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Have you ever heard of Mashnee Island?

Have you ever heard of Mashnee Island? | Cape Cod Life JULY 2016

The island proved ideal for grazing due to its abundant grassy fields, and Rev. Bourne ensured that a keeper, or shepherd, was always on hand to look over the sheep. The keepers lived in small shacks, each with large fireplaces, and the humble homes often sustained damage in storms. Then, from 1700 to 1725 another storm washed over the island: a severe tick fever. Many sheep died as a result and the island’s days as a grazing outpost were numbered.

A century later, Mashnee became home to a new industry in the early 1800s: harvesting salt. The location in breezy Buzzards Bay made it a potentially lucrative spot to establish a saltworks industry. Workers built small dwellings on the island and erected large wooden vats, which they filled with salt water. When the water evaporated, a goldmine of salt was left behind. This effort suffered a substantial setback when a hurricane destroyed the saltworks, either in 1815 or 1835; reports vary on the year. According to Mashnee records held by the Bourne Town Archives, the storm’s tides were powerful, and water reached eight feet higher along the shore than had previously been recorded. Ellis says pieces of the saltworks were later found in Wareham.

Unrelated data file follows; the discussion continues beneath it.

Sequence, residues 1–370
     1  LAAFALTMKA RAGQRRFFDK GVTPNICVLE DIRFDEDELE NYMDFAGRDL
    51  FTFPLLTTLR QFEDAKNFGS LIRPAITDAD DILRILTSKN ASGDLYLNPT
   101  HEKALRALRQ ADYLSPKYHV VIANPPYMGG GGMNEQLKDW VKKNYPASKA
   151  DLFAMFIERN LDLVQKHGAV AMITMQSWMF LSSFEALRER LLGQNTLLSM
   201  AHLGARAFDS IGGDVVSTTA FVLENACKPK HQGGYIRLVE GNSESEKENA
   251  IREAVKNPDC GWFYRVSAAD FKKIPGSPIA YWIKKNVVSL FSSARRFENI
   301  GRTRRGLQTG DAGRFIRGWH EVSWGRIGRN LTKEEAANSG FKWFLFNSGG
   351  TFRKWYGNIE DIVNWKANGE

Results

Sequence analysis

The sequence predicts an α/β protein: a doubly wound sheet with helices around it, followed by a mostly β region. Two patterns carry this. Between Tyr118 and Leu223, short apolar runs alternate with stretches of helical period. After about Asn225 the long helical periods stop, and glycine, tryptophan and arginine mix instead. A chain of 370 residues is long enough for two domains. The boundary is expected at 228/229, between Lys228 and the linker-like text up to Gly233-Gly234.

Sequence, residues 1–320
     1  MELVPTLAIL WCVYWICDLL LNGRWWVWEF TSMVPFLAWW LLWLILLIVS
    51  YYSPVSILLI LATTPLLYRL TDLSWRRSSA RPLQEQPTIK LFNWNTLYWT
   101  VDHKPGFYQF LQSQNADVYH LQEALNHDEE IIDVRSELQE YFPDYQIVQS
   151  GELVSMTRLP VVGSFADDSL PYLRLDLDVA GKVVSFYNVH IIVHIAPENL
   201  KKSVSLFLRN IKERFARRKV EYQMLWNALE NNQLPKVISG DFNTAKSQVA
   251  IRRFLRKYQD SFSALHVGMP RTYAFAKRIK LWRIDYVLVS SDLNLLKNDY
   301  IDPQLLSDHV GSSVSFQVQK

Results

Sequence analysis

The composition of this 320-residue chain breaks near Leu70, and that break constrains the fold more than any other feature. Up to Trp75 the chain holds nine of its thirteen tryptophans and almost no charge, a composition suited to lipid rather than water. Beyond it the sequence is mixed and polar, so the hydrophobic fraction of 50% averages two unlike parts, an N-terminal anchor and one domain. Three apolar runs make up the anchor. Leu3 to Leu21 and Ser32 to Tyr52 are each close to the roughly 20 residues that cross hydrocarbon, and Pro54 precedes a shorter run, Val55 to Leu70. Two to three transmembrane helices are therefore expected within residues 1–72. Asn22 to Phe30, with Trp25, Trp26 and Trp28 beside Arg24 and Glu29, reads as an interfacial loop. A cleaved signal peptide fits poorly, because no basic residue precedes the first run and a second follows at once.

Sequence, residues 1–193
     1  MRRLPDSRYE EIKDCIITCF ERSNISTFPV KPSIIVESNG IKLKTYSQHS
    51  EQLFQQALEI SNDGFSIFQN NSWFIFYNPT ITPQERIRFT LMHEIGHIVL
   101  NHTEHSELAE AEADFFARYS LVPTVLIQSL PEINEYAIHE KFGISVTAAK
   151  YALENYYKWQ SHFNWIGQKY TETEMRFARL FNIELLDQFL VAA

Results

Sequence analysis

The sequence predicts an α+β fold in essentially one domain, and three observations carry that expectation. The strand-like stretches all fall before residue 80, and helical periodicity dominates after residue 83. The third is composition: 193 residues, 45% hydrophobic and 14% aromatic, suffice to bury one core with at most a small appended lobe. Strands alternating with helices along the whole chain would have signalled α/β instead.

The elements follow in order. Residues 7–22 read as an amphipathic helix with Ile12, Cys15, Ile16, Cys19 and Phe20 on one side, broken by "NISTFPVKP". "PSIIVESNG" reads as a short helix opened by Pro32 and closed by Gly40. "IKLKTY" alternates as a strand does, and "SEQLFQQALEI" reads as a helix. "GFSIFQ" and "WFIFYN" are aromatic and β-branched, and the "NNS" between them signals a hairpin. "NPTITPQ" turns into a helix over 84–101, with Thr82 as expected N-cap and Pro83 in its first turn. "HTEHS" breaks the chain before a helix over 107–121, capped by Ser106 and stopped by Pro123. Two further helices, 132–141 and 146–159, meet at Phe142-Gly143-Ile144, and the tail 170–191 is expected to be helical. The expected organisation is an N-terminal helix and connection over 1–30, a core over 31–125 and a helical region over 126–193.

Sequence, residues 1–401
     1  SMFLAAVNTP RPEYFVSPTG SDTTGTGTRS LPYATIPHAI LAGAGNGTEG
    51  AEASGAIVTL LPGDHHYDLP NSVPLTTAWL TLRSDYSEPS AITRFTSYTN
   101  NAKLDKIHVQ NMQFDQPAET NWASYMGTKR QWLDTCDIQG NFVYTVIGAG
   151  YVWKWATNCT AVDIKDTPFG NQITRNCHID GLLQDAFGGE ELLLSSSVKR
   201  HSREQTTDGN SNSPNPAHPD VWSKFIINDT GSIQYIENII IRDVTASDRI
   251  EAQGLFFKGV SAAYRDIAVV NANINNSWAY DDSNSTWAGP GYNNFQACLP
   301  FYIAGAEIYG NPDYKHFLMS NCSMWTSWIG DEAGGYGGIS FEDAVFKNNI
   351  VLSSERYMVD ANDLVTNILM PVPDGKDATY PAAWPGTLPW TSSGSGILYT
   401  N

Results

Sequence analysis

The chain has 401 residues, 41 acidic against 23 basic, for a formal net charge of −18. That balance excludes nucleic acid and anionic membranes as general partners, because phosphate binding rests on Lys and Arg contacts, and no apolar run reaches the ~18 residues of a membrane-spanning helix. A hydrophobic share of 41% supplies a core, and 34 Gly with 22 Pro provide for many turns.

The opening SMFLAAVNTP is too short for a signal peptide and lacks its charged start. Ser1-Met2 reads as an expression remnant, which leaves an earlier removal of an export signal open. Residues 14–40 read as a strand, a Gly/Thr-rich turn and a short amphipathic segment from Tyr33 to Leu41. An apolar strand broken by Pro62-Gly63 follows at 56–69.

In the 1880s and 1890s, Mashnee began to develop as an area for summer gatherings and cookouts. Ellis says wealthy families, including some who owned shoe factories in Brockton, were attracted to Bourne’s Monument Beach—located just across the harbor from Mashnee—and they purchased second homes in the area. When groups wanted to host a large summer gathering, Mashnee was an ideal location; the island was secluded, but just a short distance off shore so visitors could reach it quickly by rowboat. Due to the strong winds in Buzzards Bay, trees didn’t grow tall enough on the island to obstruct views, and at just 50 acres the shoreline was always close.

With picnics, fishing, and bonfires on the beach, Mashnee became known as a popular little vacation spot—for those who knew about it. In winter, the cold didn’t stop locals from enjoying the island either. When temperatures plummeted, Monument Harbor froze and locals could walk or take sleighs across the ice.



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